Once asked: Why do you want to grow these plants? Because I am besotted with them… and it is still the case. Even now I could find the exact spot of the first wild Leucojum vernalis, accompanied a bit further down by pink and blue hepaticas and later-on across the gorge the Aruncus silvester clumps, or in another area Mattheucia struthiopteris and digitalis interspersed with belladonna. When other children bonded with people I bonded with nature and plants, having worked in this profession in Germany, France, Switzerland and our Southeast. We love to nurture and promote life. For this very reason we choose to grow reliably recurring perennials that will give years of joy to share with friends and family.
We are slowly reconstructing our perennial nursery. The ice storm in February 2014 totally destroyed our house, greenhouse, sheds, fishponds, pumps, irrigation and most plants plus forced me to search for a new location and a house without catch basins in the beds. It was pretty bad. With a lifetime of experience, I should know how to grow plants by now. Yet, this place offers a totally new learning curve. Flat, heavy duty clay that had residual agricultural pesticides retained from the fourteen dry years, getting stone hard in areas without irrigation and melting to a brown squashy, geechy-goochy soft pudding during periods of heavy rain despite having created effective ditches, pond and well draining rain-basin. Being in the Lowcountry, the tides influence the rivers and creeks about 20 miles from the coast. That water-pressure expresses and spreads itself throughout the ground in nearby areas. Surprisingly, it dries rather fast when the Northwest wind blows its cold air.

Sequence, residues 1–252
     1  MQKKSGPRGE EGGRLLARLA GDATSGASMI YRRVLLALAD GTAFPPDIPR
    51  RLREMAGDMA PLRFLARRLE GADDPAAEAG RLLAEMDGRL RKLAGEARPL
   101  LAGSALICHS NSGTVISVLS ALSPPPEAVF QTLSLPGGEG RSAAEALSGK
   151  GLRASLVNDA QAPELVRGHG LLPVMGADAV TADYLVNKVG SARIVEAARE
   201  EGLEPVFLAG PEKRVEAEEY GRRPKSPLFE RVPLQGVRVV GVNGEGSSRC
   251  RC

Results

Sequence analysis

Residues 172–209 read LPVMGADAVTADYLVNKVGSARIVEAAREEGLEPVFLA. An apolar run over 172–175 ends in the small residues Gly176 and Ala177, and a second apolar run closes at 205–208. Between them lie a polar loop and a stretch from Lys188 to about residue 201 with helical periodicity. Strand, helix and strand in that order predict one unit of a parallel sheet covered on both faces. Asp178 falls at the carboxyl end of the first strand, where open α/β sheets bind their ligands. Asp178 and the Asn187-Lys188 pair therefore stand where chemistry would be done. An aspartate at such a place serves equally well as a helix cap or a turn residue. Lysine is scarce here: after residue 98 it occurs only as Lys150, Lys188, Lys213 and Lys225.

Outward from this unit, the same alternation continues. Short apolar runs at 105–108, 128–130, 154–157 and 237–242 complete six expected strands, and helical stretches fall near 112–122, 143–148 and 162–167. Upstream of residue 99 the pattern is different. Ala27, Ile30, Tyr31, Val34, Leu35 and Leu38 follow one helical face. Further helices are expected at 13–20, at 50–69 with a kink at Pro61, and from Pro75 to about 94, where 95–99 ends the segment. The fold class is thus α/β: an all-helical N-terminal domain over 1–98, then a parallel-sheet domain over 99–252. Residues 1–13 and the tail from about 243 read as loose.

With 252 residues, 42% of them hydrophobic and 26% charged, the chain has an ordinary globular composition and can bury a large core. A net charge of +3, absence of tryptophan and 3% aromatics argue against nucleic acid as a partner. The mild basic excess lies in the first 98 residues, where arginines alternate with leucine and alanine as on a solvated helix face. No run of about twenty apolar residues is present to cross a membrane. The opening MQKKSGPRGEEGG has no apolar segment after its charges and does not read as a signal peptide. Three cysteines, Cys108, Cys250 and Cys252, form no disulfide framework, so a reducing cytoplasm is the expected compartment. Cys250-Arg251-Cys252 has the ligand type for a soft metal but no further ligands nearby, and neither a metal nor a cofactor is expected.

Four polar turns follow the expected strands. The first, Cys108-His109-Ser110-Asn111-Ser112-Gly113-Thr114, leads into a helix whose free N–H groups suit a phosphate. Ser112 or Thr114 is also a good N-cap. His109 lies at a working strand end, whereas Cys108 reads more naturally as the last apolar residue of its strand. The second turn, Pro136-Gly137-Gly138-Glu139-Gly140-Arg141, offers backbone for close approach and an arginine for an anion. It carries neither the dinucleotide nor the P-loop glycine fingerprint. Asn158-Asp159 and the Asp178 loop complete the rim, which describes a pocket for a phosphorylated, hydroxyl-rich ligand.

We garden in Zone 8a on the East Coast of the USA. 33.7 N and 78.8 degrees W. We have wide temperature swings, from the rare 0 degree to the rare 106 degree F. We have unpredictable dry or wet seasons. Please keep in mind that Zone 8 on the West Coast is an entirely different climate than the Southeast. Having collected plenty of experience over the years I was subjected to the adage: "Old dogs learn new tricks” ( learning curve we say now-a-days). This particular new site, about 25 miles in-land from the coast, exposed to high winds, has winter temperatures to zone 7b and summer highs of zone 8b to 9a, not the gentle 8a as listed. The ground was poisoned with agricultural chemicals that did not leach out during the previous dry years. It has been healing now for five years. But, being in the low country, although above the flood zone, the ground gets saturated and flooded to 2”+ during heavy or prolonged rainfall; despite a large rain-garden with overflow pipe, big pond drainage pipes and ditches. This translates to most of the beds with stock-plants have to be raised. The clay berms from the pond excavations had to heal from the chemicals to grow plants. The normal approach with gypsum and/or natural soil amendments did not work fast enough or in depth.
Of course what grows well here may behave slightly or entirely different in an other area. Therefore we cite the hardiness zones conservatively. You can always experiment and gain new experience to share with us.
Pee Dee Area, South Carolina, United States
Woman Owned and Managed Business
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